You may have been considering adopting a senior dog which is fantastic! We are big lovers of senior dogs and are right now experiencing the joy and love of our 16 year old senior dog Zooey but regularly get inspiration from senior dog social media accounts and from those that rescue senior dogs. Learn more about the pros and cons of adopting a senior or older dog plus top senior dog care tips and advice and perspective from this Tik Tok senior dog lover!
What is a Senior Dog?
Senior dogs or older dogs are those that are in the last third of their lives. The age when a dog becomes s senior is dependent on several factors including, breed size and more. Learn more about when a dog is a senior dog and other senior dog facts.
What are the pros and cons of adopting a senior dog?
There are so many pros and cons to adopting a senior dog that include:
Pros of Adopting A Senior Dog
- Less training needs. Most senior dogs are well socialized
- Less accidents. 56% of people polled recently indicated that they appreciated having a senior dog since they have less accidents.
- Well Socialized. Having ready socialized dog that is accustomed to outings and fun is a definite plus.
- Calmer. Many puppies have a lot of energy, when they become part of your family it can cause a major upheaval. I noted this as I watched a friend with 3 toddlers and a the formidable task of newly adopted puppy. The idea likely seemed smart but in my mind a senior dog with experience with children would have made a far more rewarding pet. Puppies may be a joy but a senior dog will be far more calm generally.
- Teach you about love, joy and forgiveness. Senior dogs typically have been through a lot and if they are available for adoption they may have had something happen or been displaced by a loving home, both which may cause trauma. However, nevertheless most pick up and open their hearts again.
- Senior dogs need less exercise. For most, this is a pro but for some this may be a con.
- Senior Dogs have many years left to provide love and comfort. Some believe that senior dogs are in the last stage of their life and if will be heartbreaking to let them go. However, senior dogs may have many years to provide love.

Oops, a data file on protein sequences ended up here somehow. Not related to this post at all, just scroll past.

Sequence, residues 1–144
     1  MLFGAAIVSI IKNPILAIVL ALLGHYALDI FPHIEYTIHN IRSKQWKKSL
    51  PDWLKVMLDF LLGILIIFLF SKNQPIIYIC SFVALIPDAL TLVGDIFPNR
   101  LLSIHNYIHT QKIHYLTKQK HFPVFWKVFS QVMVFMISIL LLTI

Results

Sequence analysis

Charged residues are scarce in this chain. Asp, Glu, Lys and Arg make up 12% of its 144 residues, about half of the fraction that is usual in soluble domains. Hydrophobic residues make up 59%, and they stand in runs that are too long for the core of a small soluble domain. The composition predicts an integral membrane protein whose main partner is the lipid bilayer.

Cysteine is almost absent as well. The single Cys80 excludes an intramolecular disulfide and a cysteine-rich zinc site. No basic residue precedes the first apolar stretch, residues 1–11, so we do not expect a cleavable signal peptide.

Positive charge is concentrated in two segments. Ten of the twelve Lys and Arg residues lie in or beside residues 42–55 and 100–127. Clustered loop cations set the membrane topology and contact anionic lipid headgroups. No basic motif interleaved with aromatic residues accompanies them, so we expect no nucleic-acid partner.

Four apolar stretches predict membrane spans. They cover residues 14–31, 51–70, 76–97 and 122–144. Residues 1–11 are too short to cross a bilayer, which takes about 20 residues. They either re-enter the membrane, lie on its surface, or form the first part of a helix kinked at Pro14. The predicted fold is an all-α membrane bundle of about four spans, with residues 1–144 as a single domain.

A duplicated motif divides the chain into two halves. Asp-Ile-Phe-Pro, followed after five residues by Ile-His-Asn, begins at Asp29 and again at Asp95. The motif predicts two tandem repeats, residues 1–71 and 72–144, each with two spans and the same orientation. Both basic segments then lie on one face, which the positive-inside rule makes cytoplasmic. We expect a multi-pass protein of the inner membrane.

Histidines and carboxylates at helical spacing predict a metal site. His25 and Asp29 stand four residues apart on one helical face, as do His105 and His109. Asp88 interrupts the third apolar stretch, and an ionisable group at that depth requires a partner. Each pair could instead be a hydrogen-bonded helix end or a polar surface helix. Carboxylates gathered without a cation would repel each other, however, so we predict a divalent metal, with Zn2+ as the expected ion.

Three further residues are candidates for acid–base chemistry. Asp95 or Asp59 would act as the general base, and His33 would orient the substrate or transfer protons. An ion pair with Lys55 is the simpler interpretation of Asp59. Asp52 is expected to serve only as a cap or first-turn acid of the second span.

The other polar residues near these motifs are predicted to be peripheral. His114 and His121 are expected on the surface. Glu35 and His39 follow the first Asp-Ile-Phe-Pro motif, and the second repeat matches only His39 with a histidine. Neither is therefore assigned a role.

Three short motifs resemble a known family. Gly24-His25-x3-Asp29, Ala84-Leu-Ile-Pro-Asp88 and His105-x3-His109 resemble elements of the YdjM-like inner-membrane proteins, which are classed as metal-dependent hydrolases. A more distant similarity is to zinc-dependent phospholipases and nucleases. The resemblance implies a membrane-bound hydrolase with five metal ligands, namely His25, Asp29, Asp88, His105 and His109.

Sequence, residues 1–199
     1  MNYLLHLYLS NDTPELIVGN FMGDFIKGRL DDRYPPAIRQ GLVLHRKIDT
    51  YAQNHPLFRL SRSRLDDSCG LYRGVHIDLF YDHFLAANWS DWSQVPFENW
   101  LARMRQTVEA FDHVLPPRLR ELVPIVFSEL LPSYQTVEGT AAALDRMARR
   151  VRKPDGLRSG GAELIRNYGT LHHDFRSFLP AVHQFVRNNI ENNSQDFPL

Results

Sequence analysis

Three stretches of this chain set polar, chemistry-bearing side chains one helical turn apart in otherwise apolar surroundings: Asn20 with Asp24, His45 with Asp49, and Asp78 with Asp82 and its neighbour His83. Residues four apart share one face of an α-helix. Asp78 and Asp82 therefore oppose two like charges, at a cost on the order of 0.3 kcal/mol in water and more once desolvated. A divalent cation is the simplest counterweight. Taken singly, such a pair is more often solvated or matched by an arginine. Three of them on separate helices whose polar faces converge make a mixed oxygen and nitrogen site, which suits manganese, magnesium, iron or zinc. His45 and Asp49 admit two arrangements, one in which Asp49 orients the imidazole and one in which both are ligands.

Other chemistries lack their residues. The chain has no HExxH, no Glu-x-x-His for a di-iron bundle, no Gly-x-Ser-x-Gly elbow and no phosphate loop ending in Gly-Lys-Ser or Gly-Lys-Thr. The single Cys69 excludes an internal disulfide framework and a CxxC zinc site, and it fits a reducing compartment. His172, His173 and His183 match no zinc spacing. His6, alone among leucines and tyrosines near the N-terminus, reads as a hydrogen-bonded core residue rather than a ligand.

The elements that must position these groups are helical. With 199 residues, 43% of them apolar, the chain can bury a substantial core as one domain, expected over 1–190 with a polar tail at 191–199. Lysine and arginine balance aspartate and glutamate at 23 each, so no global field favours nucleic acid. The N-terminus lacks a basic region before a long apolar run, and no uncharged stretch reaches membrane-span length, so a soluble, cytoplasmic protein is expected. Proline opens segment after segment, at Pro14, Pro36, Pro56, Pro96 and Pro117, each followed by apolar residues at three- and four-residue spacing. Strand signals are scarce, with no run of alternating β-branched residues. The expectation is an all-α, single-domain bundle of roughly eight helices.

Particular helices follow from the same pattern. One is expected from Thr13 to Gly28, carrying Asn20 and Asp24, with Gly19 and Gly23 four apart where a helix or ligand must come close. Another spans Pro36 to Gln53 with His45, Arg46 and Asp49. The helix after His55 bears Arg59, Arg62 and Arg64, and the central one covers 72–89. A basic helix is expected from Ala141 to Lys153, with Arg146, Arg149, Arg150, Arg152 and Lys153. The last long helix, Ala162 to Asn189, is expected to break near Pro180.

Cons of Owning a Senior Dog
- Their health needs may be more intense. See 11 common health issues of senior dogs.
- You will have to be on top of wellness. It will be important to address senior dog issues so that you can fend off issues common to senior dogs early, like weight loss and dental care.
- Shorted life span. Potentially a shorter time to enjoy life with them.
- They may have emotional issues that take time to address. This can be true for many pets but a puppy as opposed to a senior dog will not have had as many opportunities to be affected by psychological issues. However, remember a puppy may develop these and with a senior dog you will be aware and can manage appropriately.
- Less active. Although mobility is of utmost importance to maintain in a dog’s senior years they will undoubtedly slow down and if you are an active person this may be difficult.
Top Tips for Owning a Senior Dog
So, you are thinking of getting a senior dog! Here are some top tips for caring and owning a senior dog!
- Ensure that you senior is equipped with comfort and senior dog essentials to make their care more simple and easy.
- Monitor health issues, like dental care, pet parasites, and weight management in a thoughtful way with help from experts.
- Enjoy your senior dog. Care may be intense but they have so much love to give, truly be present and enjoy life with your senior dog! (See our article on Anticipatory Grief for more tips and to understand this phenomenon so you can address it)
What is it like to own a senior dog?
Adopting a senior dog can be rewarding and amazing. Hopefully, understanding this perspective along with the pros, cons and tips about adopting a senior dog will help you decide that it is a right decision for you and when you do check out our Ultimate list of Senior Dog Adoptions and Rescues.
Popular Senior Dog FAQs
Yes. Senior dogs tend to have more manageable energy levels making them easier to handle, care for, and entertain, regardless of pet experience on the part of the owner.
Great question and it is a wonder to us as senior dogs have a ton of love to give and have so many benefits. However, some may be reluctant to take on what they believe may be medical costs but know that if you adopt a puppy they too will have health costs, the early and later years of a dogs life are typically those that need the most care.
One thing is that your senior dog may have a history that is unknown at least to you. There will be a warming up period that will depend on the particular dog’s history but one thing is for sure dogs are loving and they will adapt to their new circumstances and give plenty of love in return of yours.